FCC approves SpaceX’s plan to operate Starlink satellites at lower altitude

SpaceX launched two test satellites for the Starlink in February 2018. The Starlink demonstration craft launched as secondary payloads with the Spanish radar observation satellite on a Falcon 9 rocket from Vandenberg Air Force Base, California. Credit: SpaceX

The Federal Communications Commission has granted a request by SpaceX to begin launching spacecraft for the company’s Starlink broadband network to a lower orbit than originally planned, overruling protests by competitors and clearing a major regulatory hurdle before the launch of the first batch of Internet satellites from Cape Canaveral in May.

The regulatory commission approved SpaceX’s proposal Friday to fly more than 1,500 of its Starlink satellites at an altitude of 341 miles, or 550 kilometers, instead of the 714-mile-high (1,150-kilometer) orbit originally planned.

“This approval underscores the FCC’s confidence in SpaceX’s plans to deploy its next-generation satellite constellation and connect people around the world with reliable and affordable broadband service,” said Gwynne Shotwell, SpaceX’s president and chief operating officer. “Starlink production is well underway, and the first group of satellites have already arrived at the launch site for processing.”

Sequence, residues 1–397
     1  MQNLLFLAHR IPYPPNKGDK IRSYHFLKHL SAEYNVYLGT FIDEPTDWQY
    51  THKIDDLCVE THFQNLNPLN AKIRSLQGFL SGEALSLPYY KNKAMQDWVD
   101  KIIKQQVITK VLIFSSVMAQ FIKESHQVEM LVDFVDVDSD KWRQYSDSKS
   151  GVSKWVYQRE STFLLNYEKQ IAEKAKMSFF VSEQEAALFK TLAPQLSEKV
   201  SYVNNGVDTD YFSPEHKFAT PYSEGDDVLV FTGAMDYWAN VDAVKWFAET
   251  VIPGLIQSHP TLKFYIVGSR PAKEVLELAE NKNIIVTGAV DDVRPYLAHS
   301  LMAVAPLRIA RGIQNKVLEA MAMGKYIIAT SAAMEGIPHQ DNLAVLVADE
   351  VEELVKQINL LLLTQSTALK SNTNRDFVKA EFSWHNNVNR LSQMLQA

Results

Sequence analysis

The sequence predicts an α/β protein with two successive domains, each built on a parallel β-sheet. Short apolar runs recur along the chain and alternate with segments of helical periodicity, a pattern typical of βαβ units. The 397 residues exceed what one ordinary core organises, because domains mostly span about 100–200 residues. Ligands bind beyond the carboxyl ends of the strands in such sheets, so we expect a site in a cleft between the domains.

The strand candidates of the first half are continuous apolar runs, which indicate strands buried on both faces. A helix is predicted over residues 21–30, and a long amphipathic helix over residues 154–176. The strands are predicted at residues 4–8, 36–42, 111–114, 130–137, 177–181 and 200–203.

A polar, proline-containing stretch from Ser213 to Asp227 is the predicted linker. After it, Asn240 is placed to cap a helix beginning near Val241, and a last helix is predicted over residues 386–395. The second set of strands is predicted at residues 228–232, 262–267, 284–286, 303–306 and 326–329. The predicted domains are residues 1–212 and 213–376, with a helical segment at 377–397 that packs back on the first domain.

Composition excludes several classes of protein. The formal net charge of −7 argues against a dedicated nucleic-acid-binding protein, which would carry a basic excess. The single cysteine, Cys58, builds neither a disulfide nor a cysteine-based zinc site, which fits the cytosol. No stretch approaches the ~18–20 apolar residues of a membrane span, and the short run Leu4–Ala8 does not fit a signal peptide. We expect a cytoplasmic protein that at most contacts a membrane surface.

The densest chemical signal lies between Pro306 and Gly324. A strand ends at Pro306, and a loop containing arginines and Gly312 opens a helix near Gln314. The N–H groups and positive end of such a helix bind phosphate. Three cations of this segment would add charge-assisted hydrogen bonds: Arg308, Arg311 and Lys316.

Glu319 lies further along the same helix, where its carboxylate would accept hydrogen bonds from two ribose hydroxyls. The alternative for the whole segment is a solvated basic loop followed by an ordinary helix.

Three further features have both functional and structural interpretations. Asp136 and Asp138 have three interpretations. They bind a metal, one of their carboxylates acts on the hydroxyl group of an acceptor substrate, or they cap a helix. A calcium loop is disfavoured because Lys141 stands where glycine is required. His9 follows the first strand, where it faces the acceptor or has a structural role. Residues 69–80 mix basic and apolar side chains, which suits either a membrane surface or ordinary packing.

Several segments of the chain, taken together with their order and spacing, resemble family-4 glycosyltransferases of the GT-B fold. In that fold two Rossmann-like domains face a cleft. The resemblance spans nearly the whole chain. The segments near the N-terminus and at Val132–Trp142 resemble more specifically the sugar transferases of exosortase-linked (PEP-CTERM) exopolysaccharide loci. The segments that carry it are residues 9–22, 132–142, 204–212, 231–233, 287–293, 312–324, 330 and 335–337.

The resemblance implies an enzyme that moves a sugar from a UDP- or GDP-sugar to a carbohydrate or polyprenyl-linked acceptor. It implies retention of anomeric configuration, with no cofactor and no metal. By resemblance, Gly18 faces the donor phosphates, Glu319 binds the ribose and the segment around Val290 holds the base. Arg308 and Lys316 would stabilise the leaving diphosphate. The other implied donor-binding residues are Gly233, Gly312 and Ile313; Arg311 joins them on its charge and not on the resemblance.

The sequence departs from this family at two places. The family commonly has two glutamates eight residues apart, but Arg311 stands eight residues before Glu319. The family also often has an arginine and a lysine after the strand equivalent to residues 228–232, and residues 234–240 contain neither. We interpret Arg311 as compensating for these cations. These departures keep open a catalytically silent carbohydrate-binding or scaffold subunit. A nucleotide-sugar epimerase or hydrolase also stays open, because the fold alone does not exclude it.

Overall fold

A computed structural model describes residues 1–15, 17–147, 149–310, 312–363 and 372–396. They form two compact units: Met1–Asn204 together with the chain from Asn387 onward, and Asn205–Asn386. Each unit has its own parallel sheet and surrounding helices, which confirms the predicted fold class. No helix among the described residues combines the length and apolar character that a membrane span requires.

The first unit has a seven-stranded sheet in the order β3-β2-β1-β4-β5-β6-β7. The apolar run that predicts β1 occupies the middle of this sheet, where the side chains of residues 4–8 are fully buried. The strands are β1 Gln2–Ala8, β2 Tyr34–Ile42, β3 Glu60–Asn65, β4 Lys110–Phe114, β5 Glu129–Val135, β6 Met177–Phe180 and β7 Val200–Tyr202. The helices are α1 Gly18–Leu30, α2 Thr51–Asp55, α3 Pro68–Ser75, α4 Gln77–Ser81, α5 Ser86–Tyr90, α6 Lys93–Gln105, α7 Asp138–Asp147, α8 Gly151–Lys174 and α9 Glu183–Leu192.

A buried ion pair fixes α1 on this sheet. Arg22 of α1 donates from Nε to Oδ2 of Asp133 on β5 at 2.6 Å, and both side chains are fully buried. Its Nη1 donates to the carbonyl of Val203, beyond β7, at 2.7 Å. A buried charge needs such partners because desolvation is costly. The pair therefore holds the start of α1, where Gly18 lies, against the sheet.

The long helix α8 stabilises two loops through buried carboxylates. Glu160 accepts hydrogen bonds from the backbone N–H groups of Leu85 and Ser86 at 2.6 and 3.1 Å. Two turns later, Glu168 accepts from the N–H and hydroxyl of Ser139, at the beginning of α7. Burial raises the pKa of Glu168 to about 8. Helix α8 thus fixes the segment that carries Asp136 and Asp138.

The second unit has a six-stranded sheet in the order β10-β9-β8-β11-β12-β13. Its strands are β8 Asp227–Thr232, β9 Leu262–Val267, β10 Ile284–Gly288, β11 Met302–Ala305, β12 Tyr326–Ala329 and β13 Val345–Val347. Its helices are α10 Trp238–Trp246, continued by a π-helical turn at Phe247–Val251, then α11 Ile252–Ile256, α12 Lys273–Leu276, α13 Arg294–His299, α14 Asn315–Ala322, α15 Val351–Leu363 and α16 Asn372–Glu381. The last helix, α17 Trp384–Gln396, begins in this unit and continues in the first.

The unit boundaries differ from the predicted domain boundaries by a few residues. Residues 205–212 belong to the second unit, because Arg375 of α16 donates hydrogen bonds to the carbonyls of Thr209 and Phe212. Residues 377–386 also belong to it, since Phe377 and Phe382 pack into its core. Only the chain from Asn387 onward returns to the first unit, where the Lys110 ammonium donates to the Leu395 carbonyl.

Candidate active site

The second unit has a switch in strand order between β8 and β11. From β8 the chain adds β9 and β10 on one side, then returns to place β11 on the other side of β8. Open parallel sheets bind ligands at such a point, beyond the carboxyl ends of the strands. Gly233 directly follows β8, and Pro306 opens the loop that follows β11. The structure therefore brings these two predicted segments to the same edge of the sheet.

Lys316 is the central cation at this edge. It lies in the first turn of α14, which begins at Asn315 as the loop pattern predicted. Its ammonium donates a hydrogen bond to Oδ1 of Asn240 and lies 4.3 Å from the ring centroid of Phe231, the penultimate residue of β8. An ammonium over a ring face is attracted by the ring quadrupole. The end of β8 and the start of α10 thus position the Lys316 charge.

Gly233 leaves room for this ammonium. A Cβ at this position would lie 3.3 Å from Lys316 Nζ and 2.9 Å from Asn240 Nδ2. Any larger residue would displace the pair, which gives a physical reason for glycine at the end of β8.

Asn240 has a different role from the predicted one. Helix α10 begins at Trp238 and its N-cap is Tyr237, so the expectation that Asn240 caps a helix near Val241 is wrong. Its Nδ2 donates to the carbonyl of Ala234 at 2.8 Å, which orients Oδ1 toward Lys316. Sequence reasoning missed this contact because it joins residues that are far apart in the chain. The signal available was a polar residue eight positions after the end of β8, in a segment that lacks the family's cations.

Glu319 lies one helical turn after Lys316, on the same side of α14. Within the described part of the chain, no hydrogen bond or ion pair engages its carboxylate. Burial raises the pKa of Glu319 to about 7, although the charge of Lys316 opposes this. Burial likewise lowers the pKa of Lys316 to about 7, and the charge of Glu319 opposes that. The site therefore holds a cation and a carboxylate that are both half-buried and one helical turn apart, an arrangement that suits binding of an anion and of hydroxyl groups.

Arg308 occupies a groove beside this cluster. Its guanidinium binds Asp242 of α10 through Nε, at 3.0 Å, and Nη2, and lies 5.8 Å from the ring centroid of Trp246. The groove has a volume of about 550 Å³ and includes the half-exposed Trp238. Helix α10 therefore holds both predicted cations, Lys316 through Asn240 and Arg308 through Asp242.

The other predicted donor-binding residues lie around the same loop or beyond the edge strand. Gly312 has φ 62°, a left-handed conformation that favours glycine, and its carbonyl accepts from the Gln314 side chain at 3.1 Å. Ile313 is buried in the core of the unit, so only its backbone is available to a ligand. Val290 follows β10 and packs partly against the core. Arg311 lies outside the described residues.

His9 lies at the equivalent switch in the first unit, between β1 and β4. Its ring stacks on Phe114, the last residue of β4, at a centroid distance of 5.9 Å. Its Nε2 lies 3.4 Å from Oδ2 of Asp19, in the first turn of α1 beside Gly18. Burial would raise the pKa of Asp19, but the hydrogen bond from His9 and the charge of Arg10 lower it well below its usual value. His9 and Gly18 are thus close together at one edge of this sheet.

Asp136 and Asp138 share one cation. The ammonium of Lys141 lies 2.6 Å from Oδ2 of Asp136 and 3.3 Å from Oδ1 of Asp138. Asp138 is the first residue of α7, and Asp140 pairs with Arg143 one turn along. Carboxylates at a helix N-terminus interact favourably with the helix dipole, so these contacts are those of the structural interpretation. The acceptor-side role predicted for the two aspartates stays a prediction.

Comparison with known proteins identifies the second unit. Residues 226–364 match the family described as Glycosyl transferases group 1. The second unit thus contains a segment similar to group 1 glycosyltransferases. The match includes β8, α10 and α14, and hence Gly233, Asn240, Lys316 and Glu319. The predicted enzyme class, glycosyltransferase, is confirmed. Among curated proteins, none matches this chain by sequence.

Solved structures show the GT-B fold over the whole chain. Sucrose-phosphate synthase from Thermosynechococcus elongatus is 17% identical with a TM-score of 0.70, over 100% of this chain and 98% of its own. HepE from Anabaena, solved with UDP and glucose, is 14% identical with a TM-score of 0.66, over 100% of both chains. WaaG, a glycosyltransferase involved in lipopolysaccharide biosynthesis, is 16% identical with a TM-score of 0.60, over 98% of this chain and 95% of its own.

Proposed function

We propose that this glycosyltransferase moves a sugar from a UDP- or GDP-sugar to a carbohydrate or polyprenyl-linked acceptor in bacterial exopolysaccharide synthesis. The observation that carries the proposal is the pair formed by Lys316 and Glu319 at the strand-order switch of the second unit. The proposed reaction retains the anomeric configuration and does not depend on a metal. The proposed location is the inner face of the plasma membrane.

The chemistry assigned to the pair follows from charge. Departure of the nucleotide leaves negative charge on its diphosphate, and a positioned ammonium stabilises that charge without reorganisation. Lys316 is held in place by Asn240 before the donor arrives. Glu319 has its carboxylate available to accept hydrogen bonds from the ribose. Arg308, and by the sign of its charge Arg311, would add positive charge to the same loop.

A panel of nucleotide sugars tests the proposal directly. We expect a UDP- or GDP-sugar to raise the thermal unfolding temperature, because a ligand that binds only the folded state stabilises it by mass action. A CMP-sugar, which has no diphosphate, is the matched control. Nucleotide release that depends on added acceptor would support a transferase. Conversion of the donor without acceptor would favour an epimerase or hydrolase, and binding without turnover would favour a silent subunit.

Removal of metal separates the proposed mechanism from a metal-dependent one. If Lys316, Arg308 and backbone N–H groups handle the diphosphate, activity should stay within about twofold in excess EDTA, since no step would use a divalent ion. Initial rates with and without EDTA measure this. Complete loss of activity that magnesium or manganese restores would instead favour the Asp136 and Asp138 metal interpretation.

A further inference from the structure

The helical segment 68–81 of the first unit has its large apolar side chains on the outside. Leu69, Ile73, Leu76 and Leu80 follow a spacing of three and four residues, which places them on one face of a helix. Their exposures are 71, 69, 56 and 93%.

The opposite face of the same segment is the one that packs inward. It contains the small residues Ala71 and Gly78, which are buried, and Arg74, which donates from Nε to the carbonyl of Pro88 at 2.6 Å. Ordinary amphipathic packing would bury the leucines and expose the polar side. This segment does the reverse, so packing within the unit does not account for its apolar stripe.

The Starlink satellites will launch aboard a SpaceX Falcon 9 rocket from Cape Canaveral’s Complex 40 launch pad as soon as mid-May. The Starlink mission is next in line on SpaceX’s launch manifest at the Florida spaceport after the liftoff of a Dragon supply ship for the International Space Station, a launch currently scheduled for no earlier than Friday.

It typically takes SpaceX a couple of weeks to prepare for another flight from the same launch pad.

File photo of a SpaceX Falcon 9 rocket at Cape Canaveral’s Complex 40 launch pad. Credit: SpaceX

SpaceX, led by billionaire businessman Elon Musk, has not said how many Starlink satellites it will launch on the Falcon 9 rocket. Company officials have also not disclosed information about each spacecraft’s dimensions or mass.

The Starlink satellites are built and manufactured at a SpaceX facility in Redmond, Washington.

The Falcon 9 rocket will heard northeast from Cape Canaveral, aiming for a deployment altitude somewhat lower than the satellites’ 341-mile-high operating orbit.

The FCC also granted SpaceX authority last week to use six ground stations to test the communications payloads on the first set of Starlink satellites, beginning as they maneuver from their launcher separation orbit to their final operating altitude.

With the FCC approvals last week, the first segment of SpaceX’s multi-tiered Starlink satellite fleet will include 1,584 spacecraft arranged in 24 orbital planes inclined 53 degrees to the equator.

The first two Starlink pathfinder satellites launched last year to prove out SpaceX’s antenna design and electric propulsion system, which will be used for orbital adjustments and maintenance during each spacecraft’s operating life.

“This experiment demonstrated the performance of SpaceX-built technology, such as its phased-array antennas and its powerful Hall-effect thruster propulsion system,” SpaceX wrote in last year’s application to the FCC to modify its Starlink license for the lower altitude.

The satellites, named Microsat 2A and 2B, launched as piggyback payloads on a Falcon 9 rocket from California with the Spanish Paz radar observation satellite in February 2018.